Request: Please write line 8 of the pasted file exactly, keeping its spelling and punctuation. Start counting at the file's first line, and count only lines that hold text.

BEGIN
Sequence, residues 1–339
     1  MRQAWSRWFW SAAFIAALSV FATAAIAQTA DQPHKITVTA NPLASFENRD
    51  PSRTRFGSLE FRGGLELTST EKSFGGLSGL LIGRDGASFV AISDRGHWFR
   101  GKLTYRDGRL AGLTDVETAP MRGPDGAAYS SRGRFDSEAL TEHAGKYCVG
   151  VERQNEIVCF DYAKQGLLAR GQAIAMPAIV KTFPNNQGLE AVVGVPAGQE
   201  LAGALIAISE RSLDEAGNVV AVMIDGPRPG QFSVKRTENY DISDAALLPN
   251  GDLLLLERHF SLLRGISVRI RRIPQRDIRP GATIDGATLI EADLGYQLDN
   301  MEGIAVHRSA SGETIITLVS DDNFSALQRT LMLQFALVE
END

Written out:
   301  MEGIAVHRSA SGETIITLVS DDNFSALQRT LMLQFALVE